[00:01:51 –> 00:04:27] Stephen:  Good to be on-again, I think it does start with – if you like – with the Board, the C suite, they need to have defined the sustainability conversation in terms of the customer, and that’s when the CMO can help. So if their sustainability agenda is inherently customer focussed, customer-centric: “What is the purpose of our business, our brand, what is its usefulness?” That has to be a customer-facing conversation. If you start there, then the CMO has a chance of success and the CMO is engaged. What the CMO themselves have to do is, there’s a number of things, but perhaps the three most important things: First of all, I think it’s important that the CMO need to define the brand in terms of the brand’s usefulness or inherent usefulness. So they need to – as I mentioned in an earlier video -they need to put sustainability at the heart of the brand strategy. And to do that, they may need to look up various disruptive approaches where they look to re-frame the business they’re in or their role in it. So, for example, Tesla famously says, they’re not in the car business, they’re in the renewable energy business. They just happen to be…. cars are the particular way which they can make a contribution to that agenda. So number one is they need to re-frame the brand in terms of its inherent usefulness to consumers. What is its social purpose? Secondly, I think it’s important, then that there’s an organizing concept or organizing idea that inspires and guides the brand behavior and the brand action so that the integrated marketing communications is consistent with that. And then I guess the third thing is, is that they should have a plan. They should have a plan that says, “Okay, measurable objectives, and what’s our plan of action to get there?”. So I’d say that that’s what CMOs can do, from their perspective, to drive good growth.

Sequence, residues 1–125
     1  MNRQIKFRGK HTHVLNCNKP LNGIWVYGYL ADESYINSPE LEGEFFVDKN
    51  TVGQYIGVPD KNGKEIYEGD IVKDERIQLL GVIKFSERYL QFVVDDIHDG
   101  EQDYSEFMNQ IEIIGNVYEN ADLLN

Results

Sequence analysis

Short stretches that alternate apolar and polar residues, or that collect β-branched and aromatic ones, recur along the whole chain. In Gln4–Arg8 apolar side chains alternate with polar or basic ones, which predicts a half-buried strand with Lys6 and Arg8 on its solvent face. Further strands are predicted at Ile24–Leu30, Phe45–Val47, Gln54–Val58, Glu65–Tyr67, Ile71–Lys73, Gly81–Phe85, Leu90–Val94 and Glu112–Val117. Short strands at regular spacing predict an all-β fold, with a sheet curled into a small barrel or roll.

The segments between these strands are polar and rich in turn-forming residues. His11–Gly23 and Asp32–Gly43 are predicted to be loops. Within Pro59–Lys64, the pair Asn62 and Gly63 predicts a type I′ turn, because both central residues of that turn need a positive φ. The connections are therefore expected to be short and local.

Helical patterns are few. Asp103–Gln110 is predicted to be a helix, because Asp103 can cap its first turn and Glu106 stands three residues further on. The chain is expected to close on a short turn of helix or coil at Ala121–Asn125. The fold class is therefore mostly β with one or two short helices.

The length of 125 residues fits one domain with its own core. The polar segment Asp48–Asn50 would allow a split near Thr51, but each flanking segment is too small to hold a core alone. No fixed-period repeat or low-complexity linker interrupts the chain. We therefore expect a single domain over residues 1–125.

[00:04:27 –> 00:04:59] EdmundAnd I think we just pick up maybe one or two of the key challenges that they’re going to face. For me, an obvious one is their understanding of the subject. We don’t expect the CMO’s to be sustainability experts. So what do you think could be the first steps that they take in just getting their heads around the subject, getting educated in this area? Any thoughts on that?
[00:05:07 –> 00:05:40] StephenWell, listen and learn. There’s a lot of expertise out there. There’s a lot of informed opinions. I recently read a book (I am not looking to plug it particularly) called Greener Marketing, which is a fantastic place to start in terms of helping someone reassess the role of marketing in promoting the sustainability agenda and creating that good growth.